House of Representatives
Office of Program Research
This analysis was prepared by non-partisan legislative staff for the use of legislative members in their deliberations. This analysis is not a part of the legislation nor does it constitute a statement of legislative intent.
Brief Description: Concerning the taxation of vapor products.
Sponsors: Representatives Pollet, Cody, Ryu, Robinson, Jinkins, Kagi and Peterson.
Brief Summary of Bill
Hearing Date: 3/21/17
Staff: Rachelle Harris (786-7137).
Tobacco Products Regulation and Tax.
Tobacco products are defined as products that include tobacco prepared to be suitable for chewing or smoking, or for both chewing and smoking, as well as any other product that contains tobacco, and is intended for human consumption or placement in the oral or nasal cavity. This includes cigars, stogies, pipe or other smoking tobacco, snuff, fine-cut and other chewing tobaccos, etc. The term does not include cigarettes or vapor products.
The Other Tobacco Products (OTP) tax is due from a distributor for the sale, use, consumption, handling, and distribution of items defined as "tobacco products," including cigars, pipe tobacco, chewing tobacco, and other forms of tobacco, but excluding cigarettes. The OTP tax is due when the product is brought into or manufactured in Washington for sale in the state. The OTP tax is distinct from the cigarette tax.
The OTP tax rate is imposed on the taxable sales price of most tobacco products at a rate of 95 percent. For cigars, the tax is capped at 65 cents per cigar. Dipping tobacco is taxed based on the net weight listed by the manufacturer at the rate of $2.526 per single unit of 1.2 ounces or less, and at a proportionate rate for larger single units. All OTP tax revenue is deposited in the State General Fund.
Tobacco product distributors and retailers are subject to various regulatory requirements. Distributors must maintain records of their tobacco products transactions. Tobacco product distributors and retailers must obtain a license from the Liquor and Cannabis Board (LCB). The distributor license fee is $650, and the retailer license fee is $93, annually. The LCB has the authority to revoke or suspend the license of a retailer or distributor for noncompliance with the OTP tax regulations. The LCB may seize tobacco products from: (1) an unlicensed distributor or retailer; or (2) a distributor or retailer selling tobacco products while their license is suspended or revoked. Shipment and transportation of tobacco products (other than cigars) ordered or purchased by mail, or through the internet, to anyone other than a licensed wholesaler or retailer is prohibited.
Vapor products are defined in state law to include any noncombustible product that may contain nicotine that employs a heating element or other electronic, chemical, or other means that can be used to produce vapor or aerosol from a solution or other substance. This is inclusive of electronic cigarettes, electronic pipes, and any vapor cartridge or other container that is intended to be used with or in an electronic cigarette or other similar device. The definition does not include cigarettes or other tobacco products.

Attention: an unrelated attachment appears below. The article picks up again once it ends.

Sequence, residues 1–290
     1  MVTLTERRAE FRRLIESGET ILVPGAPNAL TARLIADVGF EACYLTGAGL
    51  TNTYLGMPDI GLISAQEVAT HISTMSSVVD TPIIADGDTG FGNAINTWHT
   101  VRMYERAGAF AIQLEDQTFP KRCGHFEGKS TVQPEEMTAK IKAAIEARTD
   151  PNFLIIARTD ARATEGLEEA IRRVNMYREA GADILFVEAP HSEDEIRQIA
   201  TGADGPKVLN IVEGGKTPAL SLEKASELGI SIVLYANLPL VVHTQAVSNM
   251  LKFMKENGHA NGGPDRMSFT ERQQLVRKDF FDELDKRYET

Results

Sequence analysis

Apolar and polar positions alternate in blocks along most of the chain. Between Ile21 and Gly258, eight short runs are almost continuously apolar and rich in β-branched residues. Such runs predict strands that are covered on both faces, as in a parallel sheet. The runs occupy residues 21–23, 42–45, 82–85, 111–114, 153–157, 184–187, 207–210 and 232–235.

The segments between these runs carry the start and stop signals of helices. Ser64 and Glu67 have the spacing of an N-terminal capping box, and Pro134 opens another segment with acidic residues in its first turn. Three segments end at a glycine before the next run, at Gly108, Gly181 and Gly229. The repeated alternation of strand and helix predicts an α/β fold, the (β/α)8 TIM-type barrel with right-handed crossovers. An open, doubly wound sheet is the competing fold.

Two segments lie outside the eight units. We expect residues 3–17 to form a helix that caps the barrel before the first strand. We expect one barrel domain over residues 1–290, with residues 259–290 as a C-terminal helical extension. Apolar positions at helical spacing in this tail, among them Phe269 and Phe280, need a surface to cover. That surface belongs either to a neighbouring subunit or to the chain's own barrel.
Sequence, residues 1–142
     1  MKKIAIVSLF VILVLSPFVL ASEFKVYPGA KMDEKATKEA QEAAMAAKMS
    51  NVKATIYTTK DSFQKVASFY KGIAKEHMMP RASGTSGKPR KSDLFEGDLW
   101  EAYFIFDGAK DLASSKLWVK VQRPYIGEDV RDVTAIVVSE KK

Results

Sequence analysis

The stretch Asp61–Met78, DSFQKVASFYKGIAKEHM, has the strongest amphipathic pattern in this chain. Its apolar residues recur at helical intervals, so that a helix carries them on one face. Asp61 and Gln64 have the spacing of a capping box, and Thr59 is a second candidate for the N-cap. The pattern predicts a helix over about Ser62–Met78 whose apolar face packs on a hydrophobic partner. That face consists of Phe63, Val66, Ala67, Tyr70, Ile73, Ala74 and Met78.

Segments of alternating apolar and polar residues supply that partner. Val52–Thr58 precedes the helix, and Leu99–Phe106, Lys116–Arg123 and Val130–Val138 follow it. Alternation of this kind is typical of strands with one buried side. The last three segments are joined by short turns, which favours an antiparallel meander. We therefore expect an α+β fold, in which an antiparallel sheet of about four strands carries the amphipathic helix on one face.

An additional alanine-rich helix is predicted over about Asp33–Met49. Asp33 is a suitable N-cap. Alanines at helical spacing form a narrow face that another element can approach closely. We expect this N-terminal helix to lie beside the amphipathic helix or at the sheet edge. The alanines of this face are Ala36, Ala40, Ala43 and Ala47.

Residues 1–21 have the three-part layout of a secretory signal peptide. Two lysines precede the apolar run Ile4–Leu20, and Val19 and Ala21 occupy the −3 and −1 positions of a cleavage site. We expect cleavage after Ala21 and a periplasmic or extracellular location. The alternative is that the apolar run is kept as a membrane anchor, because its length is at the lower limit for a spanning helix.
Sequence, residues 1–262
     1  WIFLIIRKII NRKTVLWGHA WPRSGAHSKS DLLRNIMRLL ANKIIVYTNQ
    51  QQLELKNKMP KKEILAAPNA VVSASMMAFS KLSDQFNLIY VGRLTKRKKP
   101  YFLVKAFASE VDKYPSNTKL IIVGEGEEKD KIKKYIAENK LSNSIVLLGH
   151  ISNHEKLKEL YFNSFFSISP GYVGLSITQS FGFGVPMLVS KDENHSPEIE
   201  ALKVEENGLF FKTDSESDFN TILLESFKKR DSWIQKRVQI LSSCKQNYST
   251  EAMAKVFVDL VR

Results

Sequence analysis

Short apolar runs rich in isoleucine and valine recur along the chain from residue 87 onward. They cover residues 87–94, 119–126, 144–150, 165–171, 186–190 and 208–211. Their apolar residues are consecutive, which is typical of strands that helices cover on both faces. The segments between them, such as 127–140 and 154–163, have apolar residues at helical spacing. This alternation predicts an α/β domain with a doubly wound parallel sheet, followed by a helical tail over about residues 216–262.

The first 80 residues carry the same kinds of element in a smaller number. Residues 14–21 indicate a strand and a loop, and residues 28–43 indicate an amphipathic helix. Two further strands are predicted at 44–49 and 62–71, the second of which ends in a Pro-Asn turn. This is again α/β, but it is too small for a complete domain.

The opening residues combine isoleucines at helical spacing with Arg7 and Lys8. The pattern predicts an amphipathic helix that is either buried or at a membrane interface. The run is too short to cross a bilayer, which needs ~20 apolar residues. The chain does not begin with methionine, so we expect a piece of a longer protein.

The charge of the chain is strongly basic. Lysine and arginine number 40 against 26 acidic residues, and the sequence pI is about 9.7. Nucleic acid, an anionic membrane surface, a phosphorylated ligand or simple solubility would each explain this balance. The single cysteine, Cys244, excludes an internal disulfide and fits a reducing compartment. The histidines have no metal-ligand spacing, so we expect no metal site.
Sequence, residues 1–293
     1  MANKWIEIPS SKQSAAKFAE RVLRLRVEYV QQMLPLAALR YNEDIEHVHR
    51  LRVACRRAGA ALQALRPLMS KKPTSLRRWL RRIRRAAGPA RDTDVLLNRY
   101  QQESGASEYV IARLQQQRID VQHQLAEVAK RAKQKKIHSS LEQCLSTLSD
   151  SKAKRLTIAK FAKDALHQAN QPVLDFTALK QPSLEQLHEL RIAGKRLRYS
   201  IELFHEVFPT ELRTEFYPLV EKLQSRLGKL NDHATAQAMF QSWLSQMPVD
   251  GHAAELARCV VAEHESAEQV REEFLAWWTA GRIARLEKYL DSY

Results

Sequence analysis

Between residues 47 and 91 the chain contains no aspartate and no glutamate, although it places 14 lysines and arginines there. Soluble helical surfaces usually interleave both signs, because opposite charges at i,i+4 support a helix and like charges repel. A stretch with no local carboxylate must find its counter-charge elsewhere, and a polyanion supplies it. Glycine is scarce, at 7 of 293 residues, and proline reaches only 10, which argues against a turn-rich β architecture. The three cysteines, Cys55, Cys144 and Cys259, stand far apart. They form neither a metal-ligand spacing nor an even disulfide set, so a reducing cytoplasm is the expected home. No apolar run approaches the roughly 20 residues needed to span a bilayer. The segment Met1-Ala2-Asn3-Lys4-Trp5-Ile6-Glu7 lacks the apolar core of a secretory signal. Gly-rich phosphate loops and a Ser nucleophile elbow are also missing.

Vapor products are subject to normal sales and use taxes, but are not subject to any additional state taxes.
Summary of Bill:
A product that contains nicotine derived from tobacco is included in the definition of "tobacco products" for the purposes of the tax on tobacco products. The definition of "tobacco products" is also expanded to include vapor cartridges that contain tobacco or nicotine derived from tobacco. This would make vapor cartridges and other products containing nicotine derived from tobacco subject to the 95 percent OTP tax, licensing, and other regulatory provisions, including a prohibition on the shipment of these products ordered or purchased by mail, or through the internet, to anyone other than a licensed wholesaler or retailer.
The Essential Public Health Services account is created in the State Treasury. Beginning in fiscal year 2021, the account is funded with 40 percent of the proceeds from the vapor products tax established in HB 2165 (Vapor products, etc./taxation). The Department of Health must use the funds in the account for four purposes: (1) to fund foundational health services; (2) to fund tobacco, vapor product, and nicotine control and prevention, and other substance use prevention and education programs; (3) at least 10 percent of funds to support increased access and training of public health professionals at public health programs at institutions of higher education in Washington; and (4) no more than 12.5 percent may be provided to the LCB to enforce vapor products regulations.
Fiscal Note: Available.
Effective Date: The bill takes effect 90 days after adjournment of the session in which the bill is passed.